Root plasticity. Root plasticity is the ability of a root system to alter its typical structure in response to changing environmental conditions in order to acquire P at minimal metabolic costs. Because there is no single universal least-cost mode of P acquisition, plasticity is important for a root system to adapt to the changing costs of adaptive strategies when external P concentrations fluctuate [119]. An example of root plasticity is topsoil foraging; topsoil foraging occurs when plants concentrate root dispersal to the shallow soil horizons [120]. Computer models have shown that topsoil foraging root systems are more P efficient than a typical root system with an equivalent size. Topsoil foraging traits have been genetically mapped and can be tagged with QTLs in plant breeding programs [118]. Adventitious rooting (roots developed from non-root organs) tends to occur in the topsoil portion of the soil. Adventitious roots require minimal construction cost compared with other root types [121]. A study of common bean found that P-deficiency enhanced adventitious rooting in P-efficient genotypes (G2333 and G19839) but not in P-inefficient genotypes (‘Carioca’ accession G4017 and DOR364) [121]. These fast-growing, small roots help explore the soil. Importantly, Walk et al. [122] noted that an adventitious rooting response is beneficial only when specific respiration rates are similar to those of the basal roots to avoid excess carbohydrate reallocation.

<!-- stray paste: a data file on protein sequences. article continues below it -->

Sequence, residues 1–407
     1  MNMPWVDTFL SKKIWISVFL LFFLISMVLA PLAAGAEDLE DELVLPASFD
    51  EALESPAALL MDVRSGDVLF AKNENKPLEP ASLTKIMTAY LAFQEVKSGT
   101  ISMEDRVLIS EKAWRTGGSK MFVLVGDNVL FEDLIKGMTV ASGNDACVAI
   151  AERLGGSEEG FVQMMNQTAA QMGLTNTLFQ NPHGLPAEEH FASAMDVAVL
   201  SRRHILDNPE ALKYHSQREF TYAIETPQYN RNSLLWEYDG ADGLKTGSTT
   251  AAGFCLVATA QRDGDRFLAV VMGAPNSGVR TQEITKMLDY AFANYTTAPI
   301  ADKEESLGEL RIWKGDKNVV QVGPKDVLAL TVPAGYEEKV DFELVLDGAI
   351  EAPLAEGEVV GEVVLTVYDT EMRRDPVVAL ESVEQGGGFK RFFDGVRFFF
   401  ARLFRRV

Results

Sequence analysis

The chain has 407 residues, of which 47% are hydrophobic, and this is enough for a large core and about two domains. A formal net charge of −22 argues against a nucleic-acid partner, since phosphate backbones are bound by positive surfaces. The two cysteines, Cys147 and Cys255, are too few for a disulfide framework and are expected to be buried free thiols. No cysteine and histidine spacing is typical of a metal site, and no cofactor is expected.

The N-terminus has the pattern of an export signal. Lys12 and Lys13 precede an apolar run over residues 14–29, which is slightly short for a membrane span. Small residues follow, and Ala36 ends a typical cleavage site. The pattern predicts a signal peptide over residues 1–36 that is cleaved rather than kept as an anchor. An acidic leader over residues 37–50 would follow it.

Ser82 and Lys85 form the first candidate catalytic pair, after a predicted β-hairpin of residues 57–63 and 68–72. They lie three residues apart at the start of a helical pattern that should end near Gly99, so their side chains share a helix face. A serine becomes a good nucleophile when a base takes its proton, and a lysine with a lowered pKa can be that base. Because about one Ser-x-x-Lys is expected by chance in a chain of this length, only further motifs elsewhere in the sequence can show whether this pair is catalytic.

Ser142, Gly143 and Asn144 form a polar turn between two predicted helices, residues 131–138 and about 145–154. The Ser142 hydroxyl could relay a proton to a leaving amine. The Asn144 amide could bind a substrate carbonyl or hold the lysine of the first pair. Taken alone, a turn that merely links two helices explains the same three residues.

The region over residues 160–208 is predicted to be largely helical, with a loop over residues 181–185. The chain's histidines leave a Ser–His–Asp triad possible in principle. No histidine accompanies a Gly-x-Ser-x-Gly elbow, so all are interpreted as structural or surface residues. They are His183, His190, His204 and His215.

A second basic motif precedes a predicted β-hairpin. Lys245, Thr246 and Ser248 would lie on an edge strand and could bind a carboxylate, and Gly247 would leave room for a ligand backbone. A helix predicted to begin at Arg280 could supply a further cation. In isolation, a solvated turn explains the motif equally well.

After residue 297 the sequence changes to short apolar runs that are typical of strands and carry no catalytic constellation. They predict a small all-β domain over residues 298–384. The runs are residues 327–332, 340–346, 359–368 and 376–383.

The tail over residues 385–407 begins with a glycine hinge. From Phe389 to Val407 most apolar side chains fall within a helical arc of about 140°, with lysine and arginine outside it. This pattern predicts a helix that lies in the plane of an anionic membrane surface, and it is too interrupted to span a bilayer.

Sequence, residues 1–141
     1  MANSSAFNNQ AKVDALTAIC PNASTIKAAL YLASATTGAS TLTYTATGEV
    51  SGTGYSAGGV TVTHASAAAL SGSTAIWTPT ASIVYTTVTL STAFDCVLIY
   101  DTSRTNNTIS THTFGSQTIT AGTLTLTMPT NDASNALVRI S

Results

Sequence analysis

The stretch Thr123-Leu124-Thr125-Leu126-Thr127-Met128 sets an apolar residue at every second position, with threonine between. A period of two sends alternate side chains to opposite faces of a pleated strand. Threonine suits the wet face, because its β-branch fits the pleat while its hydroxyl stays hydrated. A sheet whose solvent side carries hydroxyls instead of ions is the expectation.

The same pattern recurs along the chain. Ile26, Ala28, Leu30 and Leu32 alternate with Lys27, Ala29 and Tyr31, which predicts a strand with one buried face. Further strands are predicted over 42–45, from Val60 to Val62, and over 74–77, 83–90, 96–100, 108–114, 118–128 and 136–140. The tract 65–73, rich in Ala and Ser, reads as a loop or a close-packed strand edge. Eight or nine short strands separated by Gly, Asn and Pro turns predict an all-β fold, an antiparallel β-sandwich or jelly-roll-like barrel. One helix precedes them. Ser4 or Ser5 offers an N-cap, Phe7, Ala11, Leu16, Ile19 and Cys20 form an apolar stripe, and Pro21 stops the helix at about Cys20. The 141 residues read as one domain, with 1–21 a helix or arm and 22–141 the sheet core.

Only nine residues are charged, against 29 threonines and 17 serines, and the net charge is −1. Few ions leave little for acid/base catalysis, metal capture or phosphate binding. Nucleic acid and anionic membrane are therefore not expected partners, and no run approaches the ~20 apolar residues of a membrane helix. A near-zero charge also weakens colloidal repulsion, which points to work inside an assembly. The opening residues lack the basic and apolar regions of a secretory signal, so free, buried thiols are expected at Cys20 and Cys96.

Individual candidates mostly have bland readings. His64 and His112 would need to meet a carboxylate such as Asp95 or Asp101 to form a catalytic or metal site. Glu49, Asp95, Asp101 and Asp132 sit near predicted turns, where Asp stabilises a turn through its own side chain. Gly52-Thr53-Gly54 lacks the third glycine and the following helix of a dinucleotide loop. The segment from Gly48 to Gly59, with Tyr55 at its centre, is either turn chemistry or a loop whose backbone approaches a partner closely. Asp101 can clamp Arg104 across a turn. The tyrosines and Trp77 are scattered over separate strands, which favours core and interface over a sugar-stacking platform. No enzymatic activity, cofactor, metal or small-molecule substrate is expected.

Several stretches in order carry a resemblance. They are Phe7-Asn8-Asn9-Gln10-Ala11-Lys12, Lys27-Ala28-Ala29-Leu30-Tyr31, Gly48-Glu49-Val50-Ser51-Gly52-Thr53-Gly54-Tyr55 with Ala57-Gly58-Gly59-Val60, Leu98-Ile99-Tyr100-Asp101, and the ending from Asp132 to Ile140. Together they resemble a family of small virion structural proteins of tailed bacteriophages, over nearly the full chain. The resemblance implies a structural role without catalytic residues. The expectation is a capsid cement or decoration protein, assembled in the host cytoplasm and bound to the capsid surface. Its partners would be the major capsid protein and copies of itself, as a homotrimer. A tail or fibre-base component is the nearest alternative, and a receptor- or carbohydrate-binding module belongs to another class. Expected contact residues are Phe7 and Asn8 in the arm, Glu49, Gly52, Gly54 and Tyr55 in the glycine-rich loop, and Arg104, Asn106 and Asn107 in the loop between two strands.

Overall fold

Lynch and Brown [118] concluded that the highly plastic roots directly and positively impacted the P-efficiency of common bean. These plasticity responses included increased presence of adventitious roots and a gravitropic trajectory of 75°–90°. Low levels of ethylene (0.0005–0.0010 µL/L) have been shown to restore a full gravitropic response in tomato [123].